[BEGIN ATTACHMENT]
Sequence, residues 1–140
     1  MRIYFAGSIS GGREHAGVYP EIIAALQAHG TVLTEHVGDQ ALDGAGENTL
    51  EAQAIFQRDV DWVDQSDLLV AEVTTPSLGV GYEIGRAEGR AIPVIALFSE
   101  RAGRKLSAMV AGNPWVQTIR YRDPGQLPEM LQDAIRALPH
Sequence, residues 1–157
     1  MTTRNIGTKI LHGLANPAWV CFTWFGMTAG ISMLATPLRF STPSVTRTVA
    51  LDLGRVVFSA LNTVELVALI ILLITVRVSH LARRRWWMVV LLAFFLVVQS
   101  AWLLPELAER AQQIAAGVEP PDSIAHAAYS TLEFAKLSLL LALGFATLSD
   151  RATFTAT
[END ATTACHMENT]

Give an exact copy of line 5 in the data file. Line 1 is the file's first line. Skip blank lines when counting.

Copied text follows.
Sequence, residues 1–157